Authenticating in Flyte#

Tags: Authentication, Infrastructure, Advanced

Flyte ships with a canonical implementation of OpenIDConnect client and OAuth2 Server, integrating seamlessly into an organization’s existing identity provider.

The following video will demo an example of how to set up Flyte Autherntication.

Overview#

The Flyte system consists of multiple components. Securing communication between each components is crucial to ensure the security of the overall system.

In abstract, Flyte supports OAuth2 and OpenId Connect (built on top of OAuth2) to secure the various connections:

  • OpenId Connect: Used to secure user’s authentication to flyteadmin service.

  • OAuth2: Used to secure communication between clients (i.e. pyflyte, flytectl and flytepropeller) and flyteadmin service.

Identity Providers Support#

Support for these protocols varies per IdP, checkout the following table to understand the available support level for your IdP.

Feature

Okta

Google free

GC Identity Service

Azure AD

Auth0

KeyCloak

Github

OpenIdConnect

Yes

Yes

Yes

Yes

Yes

Yes

No

Custom Relying Party

Yes

No

Yes

Yes

?

Yes

No

Authentication Setup#

Prerequisites#

The following is required for non-sandbox deployments:

  • A public domain name (e.g. example.foobar.com)

  • Routing of traffic from that domain name to the Kubernetes Flyte Ingress IP address

Note

Flyte’s Ingress routes traffic to either Flyte Console or FlyteAdmin based on the url path.

# determine Flyte Ingress IP
kubectl get ingress -n flyte flyte

IdP Configuration#

FlyteAdmin requires that the application in your identity provider be configured as a web client (i.e. with a client secret). We recommend allowing the application to be issued a refresh token to avoid interrupting the user’s flow by frequently redirecting to the IdP.

Example Flyte Configurations#

Below are some canonical examples of how to set up some of the common IdPs to secure your Flyte services. OpenID Connect enables users to authenticate, in the browser, with an existing IdP. Flyte also allows connecting to an external OAuth2 Authorization Server to allow centrally managed third party app access.

OpenID Connect#

OpenID Connect allows users to authenticate to Flyte in their browser using a familiar authentication provider (perhaps an organization-wide configured IdP). Flyte supports connecting with external OIdC providers. Here are some examples for how to set these up:

Follow Google Docs on how to configure the IdP for OpenIDConnect.

Note

Make sure to create an OAuth2 Client Credential. The client_id and client_secret will be needed in the following steps.

Apply Configuration#

Store the client_secret in a k8s secret as follows:

kubectl edit secret -n flyte flyte-admin-secrets

Add a new key under stringData:

stringData:
  oidc_client_secret: <client_secret from the previous step>
data:
  ...

Save and close your editor.

Edit FlyteAdmin config to add client_id and configure auth as follows:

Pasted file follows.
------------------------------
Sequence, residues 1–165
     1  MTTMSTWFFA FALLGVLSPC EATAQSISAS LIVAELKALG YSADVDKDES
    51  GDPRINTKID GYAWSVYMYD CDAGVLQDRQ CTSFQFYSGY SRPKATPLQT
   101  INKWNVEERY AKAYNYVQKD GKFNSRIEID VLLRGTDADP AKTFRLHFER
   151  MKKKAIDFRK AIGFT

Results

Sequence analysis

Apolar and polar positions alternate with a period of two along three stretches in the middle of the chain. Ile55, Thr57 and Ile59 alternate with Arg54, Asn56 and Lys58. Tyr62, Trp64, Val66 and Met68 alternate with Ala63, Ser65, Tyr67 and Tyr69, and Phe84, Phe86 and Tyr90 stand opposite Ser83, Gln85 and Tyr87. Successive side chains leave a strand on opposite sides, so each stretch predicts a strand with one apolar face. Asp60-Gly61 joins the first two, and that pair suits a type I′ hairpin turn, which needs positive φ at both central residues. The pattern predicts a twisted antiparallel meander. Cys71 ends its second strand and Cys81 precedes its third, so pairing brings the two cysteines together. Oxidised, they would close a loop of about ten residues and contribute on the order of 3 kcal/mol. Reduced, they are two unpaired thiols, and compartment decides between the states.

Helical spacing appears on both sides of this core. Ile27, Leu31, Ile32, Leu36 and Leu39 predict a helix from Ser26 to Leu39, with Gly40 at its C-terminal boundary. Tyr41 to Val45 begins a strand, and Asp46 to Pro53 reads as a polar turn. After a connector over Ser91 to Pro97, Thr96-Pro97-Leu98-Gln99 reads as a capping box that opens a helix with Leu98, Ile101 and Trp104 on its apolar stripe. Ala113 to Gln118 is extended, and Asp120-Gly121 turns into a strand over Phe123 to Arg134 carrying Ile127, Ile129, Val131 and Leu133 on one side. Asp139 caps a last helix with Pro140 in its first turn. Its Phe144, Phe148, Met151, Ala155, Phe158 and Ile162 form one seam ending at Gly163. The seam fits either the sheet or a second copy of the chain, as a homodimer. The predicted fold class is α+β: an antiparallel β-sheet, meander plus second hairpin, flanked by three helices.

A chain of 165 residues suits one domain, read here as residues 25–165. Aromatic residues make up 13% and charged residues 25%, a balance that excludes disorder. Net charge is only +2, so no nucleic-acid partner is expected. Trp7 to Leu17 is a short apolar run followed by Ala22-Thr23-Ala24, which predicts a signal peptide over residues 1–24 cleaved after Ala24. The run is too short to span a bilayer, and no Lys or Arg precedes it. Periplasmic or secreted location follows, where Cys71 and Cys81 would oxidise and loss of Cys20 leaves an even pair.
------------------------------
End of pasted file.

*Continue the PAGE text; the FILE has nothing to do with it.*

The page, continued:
kubectl edit configmap -n flyte flyte-admin-base-config

Follow the inline comments to make the necessary changes:

server:
  ...
  security:
    secure: false
    # 1. Enable Auth by turning useAuth to true
    useAuth: true
    ...
auth:
  userAuth:
    openId:
      # 2. Put the URL of the OpenID Connect provider.
      #    baseUrl: https://<keycloak-url>/auth/realms/<keycloak-realm> # Uncomment for Keycloak and update with your installation host and realm name
      #    baseUrl: https://accounts.google.com # Uncomment for Google
      baseUrl: https://dev-14186422.okta.com/oauth2/default # Okta with a custom Authorization Server
      scopes:
        - profile
        - openid
        # - offline_access # Uncomment if OIdC supports issuing refresh tokens.
      # 3. Replace with the client ID created for Flyte.
      clientId: 0oakkheteNjCMERst5d6
  authorizedUris:
    # 4. Update with a public domain name (for non-sandbox deployments).
    # - https://example.foobar.com
    # Or uncomment this line for sandbox deployment
    # - http://localhost:30081
    - http://flyteadmin:80
    - http://flyteadmin.flyte.svc.cluster.local:80

Save and exit your editor.

Restart flyteadmin for the changes to take effect:

kubectl rollout restart deployment/flyteadmin -n flyte

Restart flytepropeller to start using authenticated requests:

kubectl rollout restart deployment/flytepropeller -n flyte

Restart flytescheduler` to start using authenticated requests:

kubectl rollout restart deployment/flytescheduler -n flyte

Note

Congratulations!

It should now be possible to go to flyte UI (https://<your domain>/console) and be prompted for authentication. Flytectl should automatically pickup the change and start prompting for authentication as well. If you want to use an external OAuth2 provider for App authentication, please continue reading into the next section.

OAuth2 Authorization Server#

An OAuth2 Authorization Server allows external clients to request to authenticate and act on behalf of users (or as their own identities). Having an OAuth2 Authorization Server enables Flyte administrators control over which apps can be installed and what scopes they are allowed to request or be granted (i.e. what privileges can they assume).

Flyte comes with a built-in authorization server that can be statically configured with a set of clients to request and act on behalf of the user. The default clients are defined here and the corresponding section can be modified through configs.

Hence, it is not necessary to set up an external Authorization Server. However, it is recommended to do so to maintain the security of the configured apps in a secure location and to be manage (add, modify, delete) apps using the external authorization server.

To set up an external OAuth2 Authorization Server, follow the instructions below:

Note

Google IdP

Google IdP does not offer an OAuth2 Authorization Server that could be used to protect external services (For example Flyte). In this case, Google offers a separate Cloud Product called Google Cloud Identity. Configuration for Cloud Identity is not included in this guide. If unavailable, setup can stop here and FlyteAdmin BuiltIn OAuth2 Authorization Server can be used instead.